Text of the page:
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Lakehead Truck Ban Likely to Get Queen’s Park Support: Update

THUNDER BAY — The likelihood of 53-ft trucks being banned from Thunder Bay’s popular Dawson Road is growing by the day. 

That comes despite evidence that the ban will increase costs, create confusion, and force trucks from across Canada to burn up to a million* extra liters of diesel fuel a year.

The road in question provides a shortcut linking two sections of the Trans-Canada cutting 16 km off trips.

It’s a familiar route for truckers and until 1998, belonged to the Province. Since it was transferred to the Municipality, several efforts have been made to ban bigger trucks but this is the first time that the attempts might work. This effort was armed with a 2,000-name anti-long-truck petition.

Last week, Council passed a resolution banning 53-ft trucks but at the time indicated the ban required buy-in from the Province.

The resolution that the City passed required Queen’s Park to install signage on the provincial highways, warning trucks headed toward Dawson, that there was a restriction ahead.

Otherwise unsuspecting truck drivers will arrive at Dawson and be forced to change their plans mid-trip.  

The Ministry informed todaystrucking.com this week that it will work with the the City to have appropriate signage in place.  No time limit was established.

Other issues remain unsolved.

For one, several carriers are located directly on Dawson, most prominently QuikX and the locally owned Biloski Bros., a severe-duty gravel hauler with flatbeds and even ice road equipment.  

The proposed bylaw includes exceptions for local traffic, so Biloski as well as QuikX equipment can get to and from their yards. But as one observer pointed out, Canada’s largest trucking fleet, TransForce Inc., recently purchased QuikX. Does that mean all of TransForce’s 7,000 or so trucks get to use Dawson?  And what would TransForce competitors and other Northern Ontario operators have to say about that?

The upshot of the ban will yield more congestion on other arteries, increased safety hazards at intersections unaccustomed to truck traffic, a bigger carbon footprint for Thunder Bay and finally, more stories on the issue on todaystrucking.com. Stay tuned.

* The million-liter estimate is based on the bypass taking 16 km off the trip, trucks averaging 6 mph and about 500 trucks running each day six days of the week 52 weeks of the year. That estimate doesn’t include mechanical wear and tear, time or driver’s wages. The costs could soar into the millions. Our first reports on the route stated the shortcut takes 26 km off a trip. That was based on the best information available. In fact, it saves 16 km.) 

 
 
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THE ROAD-SCHOLAR

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Firstly, "53-ft trucks"...is this editor-speak or the term used by the municipal authorities? Legal length limits for trucks all across North America is 41-ft (12.5 M). However, if the issue in question involves Tractor/Trailers, than the 53-ft trailer length really has not bearing on the matter, since the wheelbase (center-drive to center trailer bogey) is limited to 41-ft, no matter whether the trailer length is 45, 48 or 53 feet! The difference in length between 45, 48 and 53-footers manifests itself on the rear-overhang, which - in the forward motion on the road - does not affect maneuvrability and is hardly noticable by the other road-users. Secondly, I would argue that the stretch of Hwy 11/17 between the Thunder Bay Airport and Kakabeka Falls is a lot more populated than the Dawson Road (Rte 102) bypass. Come to think of it, more than 60% of the Dawson Rd's 39 km length is practically devoid of residential housing, counting no more than 50 (hobby)-farms and delapidated shacks on that stretch. And last, but not least, you (editor) are way too obtimistic with your 1 Mio Liter fuel-waste estimate. To wit: The linehaul truck traffic runs 7 days/week; the average fuel consumption operating through urban/city traffic is not 6 mpg (btw, that's MPG not MPH as indicated in your story!), but will more likely hover around 5.2 mpg (45 L/100 km), thus the additional fuel consumed to avoid Dawson Road can safely be estimated to be 1.3 Mio Litres (actually, 1,324,234 L). But then again why should the authorities worry, that just means another $193,338 of 'found' fuel-tax revenues for our almighty provincial coffers ;-)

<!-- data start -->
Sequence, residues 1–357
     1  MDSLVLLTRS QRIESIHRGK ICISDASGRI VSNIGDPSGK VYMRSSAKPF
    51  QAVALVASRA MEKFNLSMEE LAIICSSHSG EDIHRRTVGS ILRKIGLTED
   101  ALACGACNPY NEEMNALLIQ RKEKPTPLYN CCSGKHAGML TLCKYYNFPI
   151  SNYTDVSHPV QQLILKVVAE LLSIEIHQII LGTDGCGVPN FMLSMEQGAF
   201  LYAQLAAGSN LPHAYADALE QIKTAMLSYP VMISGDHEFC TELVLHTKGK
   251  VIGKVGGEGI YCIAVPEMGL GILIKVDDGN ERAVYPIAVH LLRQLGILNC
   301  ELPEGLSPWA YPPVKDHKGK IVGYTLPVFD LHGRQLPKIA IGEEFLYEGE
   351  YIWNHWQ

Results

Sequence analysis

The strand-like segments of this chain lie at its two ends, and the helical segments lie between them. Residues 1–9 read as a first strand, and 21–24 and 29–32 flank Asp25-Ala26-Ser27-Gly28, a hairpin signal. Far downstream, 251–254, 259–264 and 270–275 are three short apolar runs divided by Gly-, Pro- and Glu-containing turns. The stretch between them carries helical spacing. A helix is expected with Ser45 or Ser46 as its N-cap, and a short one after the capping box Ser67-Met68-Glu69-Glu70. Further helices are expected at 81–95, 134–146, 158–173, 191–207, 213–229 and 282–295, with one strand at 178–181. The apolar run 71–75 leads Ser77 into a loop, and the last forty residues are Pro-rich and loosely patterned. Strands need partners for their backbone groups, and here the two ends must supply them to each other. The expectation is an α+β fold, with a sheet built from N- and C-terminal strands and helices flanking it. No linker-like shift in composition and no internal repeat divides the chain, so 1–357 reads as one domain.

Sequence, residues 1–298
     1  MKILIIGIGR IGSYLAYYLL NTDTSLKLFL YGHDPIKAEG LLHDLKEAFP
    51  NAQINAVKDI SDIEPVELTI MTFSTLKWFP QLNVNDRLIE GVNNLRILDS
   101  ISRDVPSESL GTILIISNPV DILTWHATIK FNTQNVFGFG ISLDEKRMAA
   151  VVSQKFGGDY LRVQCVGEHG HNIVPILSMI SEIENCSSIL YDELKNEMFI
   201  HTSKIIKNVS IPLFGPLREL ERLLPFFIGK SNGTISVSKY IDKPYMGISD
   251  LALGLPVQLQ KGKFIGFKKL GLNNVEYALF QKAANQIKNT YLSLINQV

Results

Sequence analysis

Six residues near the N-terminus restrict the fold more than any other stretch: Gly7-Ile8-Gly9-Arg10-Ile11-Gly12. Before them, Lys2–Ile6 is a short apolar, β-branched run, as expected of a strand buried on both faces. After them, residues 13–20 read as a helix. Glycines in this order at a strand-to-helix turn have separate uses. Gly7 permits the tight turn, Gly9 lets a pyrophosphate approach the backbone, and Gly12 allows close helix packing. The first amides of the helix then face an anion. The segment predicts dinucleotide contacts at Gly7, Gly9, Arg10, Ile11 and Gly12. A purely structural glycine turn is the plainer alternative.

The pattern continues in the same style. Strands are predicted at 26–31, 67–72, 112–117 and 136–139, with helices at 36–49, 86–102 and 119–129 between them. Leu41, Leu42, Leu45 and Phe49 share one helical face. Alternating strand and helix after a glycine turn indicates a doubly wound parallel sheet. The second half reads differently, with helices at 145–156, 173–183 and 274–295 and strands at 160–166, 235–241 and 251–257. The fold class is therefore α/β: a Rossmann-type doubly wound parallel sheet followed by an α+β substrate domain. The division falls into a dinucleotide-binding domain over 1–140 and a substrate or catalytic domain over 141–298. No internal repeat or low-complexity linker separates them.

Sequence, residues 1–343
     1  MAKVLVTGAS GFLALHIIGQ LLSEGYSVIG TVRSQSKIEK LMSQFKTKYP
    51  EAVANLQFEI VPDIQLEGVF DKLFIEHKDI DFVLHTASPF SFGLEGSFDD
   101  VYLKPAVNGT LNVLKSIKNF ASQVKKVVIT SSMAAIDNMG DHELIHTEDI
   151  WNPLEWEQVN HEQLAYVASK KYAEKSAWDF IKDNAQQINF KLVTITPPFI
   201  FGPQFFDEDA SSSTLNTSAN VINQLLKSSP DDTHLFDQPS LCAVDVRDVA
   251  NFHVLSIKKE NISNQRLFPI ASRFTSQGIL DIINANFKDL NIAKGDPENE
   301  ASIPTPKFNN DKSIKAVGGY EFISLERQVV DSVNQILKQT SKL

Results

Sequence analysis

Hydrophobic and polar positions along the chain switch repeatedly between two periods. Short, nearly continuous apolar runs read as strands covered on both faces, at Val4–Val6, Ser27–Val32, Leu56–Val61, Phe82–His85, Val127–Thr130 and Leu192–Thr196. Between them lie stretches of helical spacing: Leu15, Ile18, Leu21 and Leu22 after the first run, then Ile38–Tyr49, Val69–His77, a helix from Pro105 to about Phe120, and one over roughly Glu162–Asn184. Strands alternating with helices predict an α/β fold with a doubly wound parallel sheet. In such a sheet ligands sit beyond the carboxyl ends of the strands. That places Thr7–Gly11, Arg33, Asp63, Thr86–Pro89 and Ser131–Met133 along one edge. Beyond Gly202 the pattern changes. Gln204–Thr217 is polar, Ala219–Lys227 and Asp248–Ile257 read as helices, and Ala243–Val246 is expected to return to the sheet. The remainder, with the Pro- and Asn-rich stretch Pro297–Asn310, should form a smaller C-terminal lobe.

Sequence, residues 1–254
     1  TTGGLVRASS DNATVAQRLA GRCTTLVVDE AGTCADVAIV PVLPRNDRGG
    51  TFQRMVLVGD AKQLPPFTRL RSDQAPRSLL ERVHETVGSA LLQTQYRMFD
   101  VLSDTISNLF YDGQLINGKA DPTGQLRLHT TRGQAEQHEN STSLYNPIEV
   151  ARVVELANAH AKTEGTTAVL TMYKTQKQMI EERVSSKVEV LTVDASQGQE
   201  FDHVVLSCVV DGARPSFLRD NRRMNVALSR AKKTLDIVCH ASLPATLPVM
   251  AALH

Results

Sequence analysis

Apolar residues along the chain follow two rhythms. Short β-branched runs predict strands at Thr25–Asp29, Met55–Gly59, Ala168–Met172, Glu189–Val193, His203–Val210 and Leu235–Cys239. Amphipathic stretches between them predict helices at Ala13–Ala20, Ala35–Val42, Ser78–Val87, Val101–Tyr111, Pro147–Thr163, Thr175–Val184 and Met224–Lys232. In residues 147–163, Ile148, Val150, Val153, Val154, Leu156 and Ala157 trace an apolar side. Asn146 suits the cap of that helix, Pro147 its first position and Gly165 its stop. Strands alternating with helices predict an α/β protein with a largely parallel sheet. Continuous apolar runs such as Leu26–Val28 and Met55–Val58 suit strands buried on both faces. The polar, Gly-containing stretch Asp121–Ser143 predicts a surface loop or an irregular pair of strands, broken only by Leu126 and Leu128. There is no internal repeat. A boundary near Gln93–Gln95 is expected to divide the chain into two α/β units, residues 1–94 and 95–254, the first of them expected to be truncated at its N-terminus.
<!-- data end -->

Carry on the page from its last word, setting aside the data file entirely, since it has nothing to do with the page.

Anonymous

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Hi ! Soon this community will brag that their economy goes down because of lack of people stopping for fuel & food !! how comme the GREENS are not there to shout about using more fuel for no good reason !!!

JimW

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Maybe the transportation industry needs to pay just for the roads we can use and not the crap they stop us from using. The IFTA system just puts millions into a system we can't access. Need to map out the roads we are allowed to play on and only use our taxes for just those roads. Let the users of said roads pay for the upkeep. This crap about what hwys we can use is the Govt's way of stopping trucks from towns like most of the communities on their "no truck parking" or "stopping". Time to step up and demand better working conditions from our crappy Govt dept heads. This freaking road is so rough it should be outlawed because of lack of service on such used hwy. Where the taxes went, is into a road with more lights and traffic conditions into a city we try to avoid to keep us rolling onto delivery. 2012 and we still have issues like this! The people in charge of monies doled out should be kicked in the butt for not following up on where it went. Time to segregate transportation money from the rest so we can benefit and keep rolling.

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